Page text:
Chronic hepatitis C is inflammation of the liver that is caused by the hepatitis C virus and that has lasted more than 6 months.
- Hepatitis C often causes no symptoms until after it has badly damaged the liver.
- Doctors diagnose chronic hepatitis C based on blood tests.
- If chronic hepatitis C has caused cirrhosis, screening for liver cancer is done every 6 months.
- Chronic hepatitis C is treated with antiviral drugs.
Acute hepatitis C becomes chronic in about 75% of affected people.
An estimated 2.7 to 3.9 million people in the United States have chronic hepatitis C. Worldwide, 71 million people are estimated to have chronic hepatitis C.
Chronic hepatitis C, if untreated, causes cirrhosis in about 20 to 30% of people. However, cirrhosis may take decades to develop. The risk of liver cancer is increased usually only if cirrhosis is present.
There are different types (genotypes 1 through 6) of hepatitis C virus, which are sometimes treated with different drugs.
- Antiviral drugs
Chronic hepatitis C is treated with antiviral drugs called direct-acting antivirals. Usually, several drugs are used together.
For chronic hepatitis C, treatment is indicated if both of the following are present:
- Liver enzyme levels are elevated.
- Biopsy shows that inflammation is progressing and scar tissue is continuing to develop.
Treatment varies based on the type of hepatitis C virus causing the infection. New antiviral drugs to treat hepatitis C are being developed, and thus recommended treatments are rapidly changing.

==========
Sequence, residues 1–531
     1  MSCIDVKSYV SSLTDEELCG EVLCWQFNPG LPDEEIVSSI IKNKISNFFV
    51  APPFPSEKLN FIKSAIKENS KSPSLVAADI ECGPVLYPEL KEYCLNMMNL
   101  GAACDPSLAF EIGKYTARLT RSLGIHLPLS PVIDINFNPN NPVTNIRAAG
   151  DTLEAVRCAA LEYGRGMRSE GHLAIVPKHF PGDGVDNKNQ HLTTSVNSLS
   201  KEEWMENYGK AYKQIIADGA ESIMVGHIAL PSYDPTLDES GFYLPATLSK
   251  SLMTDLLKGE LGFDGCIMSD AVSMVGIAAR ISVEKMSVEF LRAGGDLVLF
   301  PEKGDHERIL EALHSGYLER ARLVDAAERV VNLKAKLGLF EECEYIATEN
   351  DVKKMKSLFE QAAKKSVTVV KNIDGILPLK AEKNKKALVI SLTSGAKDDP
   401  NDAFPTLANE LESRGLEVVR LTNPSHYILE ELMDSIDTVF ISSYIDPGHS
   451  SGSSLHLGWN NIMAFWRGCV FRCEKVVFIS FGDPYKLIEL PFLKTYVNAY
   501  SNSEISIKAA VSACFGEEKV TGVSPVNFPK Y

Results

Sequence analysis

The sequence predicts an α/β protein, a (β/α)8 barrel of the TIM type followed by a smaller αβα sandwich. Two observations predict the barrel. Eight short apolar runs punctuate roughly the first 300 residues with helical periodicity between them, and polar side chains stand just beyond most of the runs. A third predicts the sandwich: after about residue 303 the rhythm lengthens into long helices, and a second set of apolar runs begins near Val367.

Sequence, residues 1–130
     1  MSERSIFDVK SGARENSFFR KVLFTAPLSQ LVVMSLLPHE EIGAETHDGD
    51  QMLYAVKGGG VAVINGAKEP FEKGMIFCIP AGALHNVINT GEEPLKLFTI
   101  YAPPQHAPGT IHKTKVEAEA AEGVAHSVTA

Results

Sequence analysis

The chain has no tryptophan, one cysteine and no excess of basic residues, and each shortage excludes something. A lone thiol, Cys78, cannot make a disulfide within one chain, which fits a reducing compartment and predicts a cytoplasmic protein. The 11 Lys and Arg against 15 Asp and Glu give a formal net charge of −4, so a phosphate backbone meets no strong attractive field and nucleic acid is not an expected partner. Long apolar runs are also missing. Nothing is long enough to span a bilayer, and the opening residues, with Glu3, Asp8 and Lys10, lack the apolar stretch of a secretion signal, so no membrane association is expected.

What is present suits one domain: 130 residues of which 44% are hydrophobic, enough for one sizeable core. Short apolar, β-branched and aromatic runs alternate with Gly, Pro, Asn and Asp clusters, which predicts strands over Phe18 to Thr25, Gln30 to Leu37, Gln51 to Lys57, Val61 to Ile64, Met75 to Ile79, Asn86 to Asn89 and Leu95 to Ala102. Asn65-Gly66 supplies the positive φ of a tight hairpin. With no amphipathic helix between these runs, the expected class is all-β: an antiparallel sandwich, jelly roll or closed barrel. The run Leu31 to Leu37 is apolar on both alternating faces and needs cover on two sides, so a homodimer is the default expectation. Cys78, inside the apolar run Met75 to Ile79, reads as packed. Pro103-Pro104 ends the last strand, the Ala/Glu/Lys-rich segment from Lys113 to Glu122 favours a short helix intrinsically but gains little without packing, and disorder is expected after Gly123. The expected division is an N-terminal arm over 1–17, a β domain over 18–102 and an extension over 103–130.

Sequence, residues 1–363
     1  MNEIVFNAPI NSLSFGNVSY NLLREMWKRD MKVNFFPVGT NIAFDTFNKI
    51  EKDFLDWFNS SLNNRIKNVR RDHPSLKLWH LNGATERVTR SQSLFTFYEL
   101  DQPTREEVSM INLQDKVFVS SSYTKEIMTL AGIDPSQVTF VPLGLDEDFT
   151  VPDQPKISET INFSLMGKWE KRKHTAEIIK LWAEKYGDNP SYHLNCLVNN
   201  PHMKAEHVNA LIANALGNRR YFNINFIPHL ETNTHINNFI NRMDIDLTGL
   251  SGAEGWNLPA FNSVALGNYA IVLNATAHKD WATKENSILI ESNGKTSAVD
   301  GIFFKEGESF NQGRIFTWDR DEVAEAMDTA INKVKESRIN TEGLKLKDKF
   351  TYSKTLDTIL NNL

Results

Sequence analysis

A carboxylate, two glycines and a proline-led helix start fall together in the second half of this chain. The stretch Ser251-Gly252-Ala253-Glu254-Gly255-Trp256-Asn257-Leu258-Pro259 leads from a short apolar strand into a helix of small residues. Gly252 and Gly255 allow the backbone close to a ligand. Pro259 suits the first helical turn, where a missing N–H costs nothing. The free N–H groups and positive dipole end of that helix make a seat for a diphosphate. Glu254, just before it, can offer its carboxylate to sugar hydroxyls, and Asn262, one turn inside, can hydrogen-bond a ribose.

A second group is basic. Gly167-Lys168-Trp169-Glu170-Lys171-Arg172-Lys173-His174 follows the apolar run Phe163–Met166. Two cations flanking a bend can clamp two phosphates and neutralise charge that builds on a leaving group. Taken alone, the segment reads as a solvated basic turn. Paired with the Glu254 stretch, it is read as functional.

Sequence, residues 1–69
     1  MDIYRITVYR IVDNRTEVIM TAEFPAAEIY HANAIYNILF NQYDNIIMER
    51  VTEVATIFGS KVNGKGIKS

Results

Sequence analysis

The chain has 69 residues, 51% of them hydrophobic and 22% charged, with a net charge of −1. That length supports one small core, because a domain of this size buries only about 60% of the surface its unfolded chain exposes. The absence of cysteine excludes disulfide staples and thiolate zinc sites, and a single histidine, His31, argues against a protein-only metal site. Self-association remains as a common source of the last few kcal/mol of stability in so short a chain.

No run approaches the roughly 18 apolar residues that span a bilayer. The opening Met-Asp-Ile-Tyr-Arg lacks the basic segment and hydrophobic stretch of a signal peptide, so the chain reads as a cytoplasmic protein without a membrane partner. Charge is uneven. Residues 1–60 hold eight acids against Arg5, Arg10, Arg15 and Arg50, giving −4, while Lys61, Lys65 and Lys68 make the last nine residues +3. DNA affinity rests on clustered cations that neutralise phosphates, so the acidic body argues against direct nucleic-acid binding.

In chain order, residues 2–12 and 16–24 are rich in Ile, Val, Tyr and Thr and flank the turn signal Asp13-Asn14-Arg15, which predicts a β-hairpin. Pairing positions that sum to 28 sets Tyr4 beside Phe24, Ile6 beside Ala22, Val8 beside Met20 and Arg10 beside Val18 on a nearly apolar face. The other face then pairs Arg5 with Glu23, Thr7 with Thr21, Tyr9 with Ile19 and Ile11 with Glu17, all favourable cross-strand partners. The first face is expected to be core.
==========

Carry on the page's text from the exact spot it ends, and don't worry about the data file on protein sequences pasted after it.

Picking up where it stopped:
Many antiviral drugs are available to treat hepatitis C. They include sofosbuvir, daclatasvir, paritaprevir, ritonavir, ombitasvir, dasabuvir, telaprevir, boceprevir, simeprevir, elbasvir, grazoprevir, velpatasvir, glecaprevir, pibrentasvir, and ribavirin (all taken by mouth).
Treatment can last from 8 to 24 weeks. Treating hepatitis C can eliminate the virus from the body and thus stop inflammation and prevent scarring, which can lead to cirrhosis.
Ribavirin, telaprevir, boceprevir, and simeprevir can cause birth defects. Both men and women who have to take these drugs should use birth control during treatment and for 6 months after treatment ends.
If chronic hepatitis C infection has severely damaged the liver, liver transplantation may be done. After liver transplantation, people with hepatitis C are often treated with antiviral drugs, which improve their chance of being cured.
After treatment is completed, doctors do blood tests to determine how much of the virus’s genetic material is present. If none is detected 12 weeks and 24 weeks after treatment is completed, depending on the drug regimen used, people are probably cured.